Study Questions Necessity Of Diabetic Footwear

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By Brian McCurdy, Associate Editor

Podiatrists often turn to therapeutic footwear when trying to prevent re-ulceration in diabetic patients. A recent study in the Journal of the American Medical Association suggests regular shoes may work just as well for some of those patients, although some DPMs question the study.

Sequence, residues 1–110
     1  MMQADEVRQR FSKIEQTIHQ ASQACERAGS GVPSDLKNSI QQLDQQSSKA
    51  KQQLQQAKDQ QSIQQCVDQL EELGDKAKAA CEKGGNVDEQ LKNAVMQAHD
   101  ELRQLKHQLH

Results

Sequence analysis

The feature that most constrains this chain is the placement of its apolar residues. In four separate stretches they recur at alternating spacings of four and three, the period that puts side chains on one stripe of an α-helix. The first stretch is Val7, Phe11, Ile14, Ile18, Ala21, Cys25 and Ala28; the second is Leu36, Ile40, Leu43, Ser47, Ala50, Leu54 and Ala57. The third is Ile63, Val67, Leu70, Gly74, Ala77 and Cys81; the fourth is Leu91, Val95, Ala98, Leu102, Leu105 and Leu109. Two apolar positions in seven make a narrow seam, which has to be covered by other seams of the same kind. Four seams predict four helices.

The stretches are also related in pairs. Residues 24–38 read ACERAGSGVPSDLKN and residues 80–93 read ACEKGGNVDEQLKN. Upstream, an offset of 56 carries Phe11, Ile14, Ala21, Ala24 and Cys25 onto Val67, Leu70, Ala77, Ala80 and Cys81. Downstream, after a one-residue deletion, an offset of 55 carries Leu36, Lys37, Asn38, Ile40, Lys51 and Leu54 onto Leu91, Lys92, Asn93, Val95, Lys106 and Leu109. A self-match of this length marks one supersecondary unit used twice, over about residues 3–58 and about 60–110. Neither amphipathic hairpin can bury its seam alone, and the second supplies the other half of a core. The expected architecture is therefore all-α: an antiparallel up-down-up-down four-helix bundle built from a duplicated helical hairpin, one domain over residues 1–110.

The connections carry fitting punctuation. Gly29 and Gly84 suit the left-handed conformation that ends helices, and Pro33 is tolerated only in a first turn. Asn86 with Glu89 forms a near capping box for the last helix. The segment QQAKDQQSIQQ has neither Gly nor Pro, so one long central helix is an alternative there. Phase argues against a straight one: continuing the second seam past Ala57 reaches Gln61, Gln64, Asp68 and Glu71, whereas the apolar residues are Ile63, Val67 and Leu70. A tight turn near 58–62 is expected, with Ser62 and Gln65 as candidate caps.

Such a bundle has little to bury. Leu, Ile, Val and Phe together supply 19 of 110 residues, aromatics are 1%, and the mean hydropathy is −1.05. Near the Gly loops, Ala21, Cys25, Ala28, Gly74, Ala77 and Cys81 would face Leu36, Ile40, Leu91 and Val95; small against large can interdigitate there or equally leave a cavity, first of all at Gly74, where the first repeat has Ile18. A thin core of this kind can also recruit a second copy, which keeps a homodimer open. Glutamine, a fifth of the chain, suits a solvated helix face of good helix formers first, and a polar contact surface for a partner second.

The randomized study was comprised of 400 men and women who had diabetes and a history of foot ulcers. The first group of 121 patients wore extra-depth therapeutic shoes and customized cork inserts. The second group of 119 patients wore therapeutic shoes and prefabricated, polyurethane inserts. The control group of 160 patients wore their own shoes.
What were the results? After two years, researchers found similar re-ulceration rates in all of the groups: 15 percent in the first group; 14 percent in the second group; and 17 percent in the third group.

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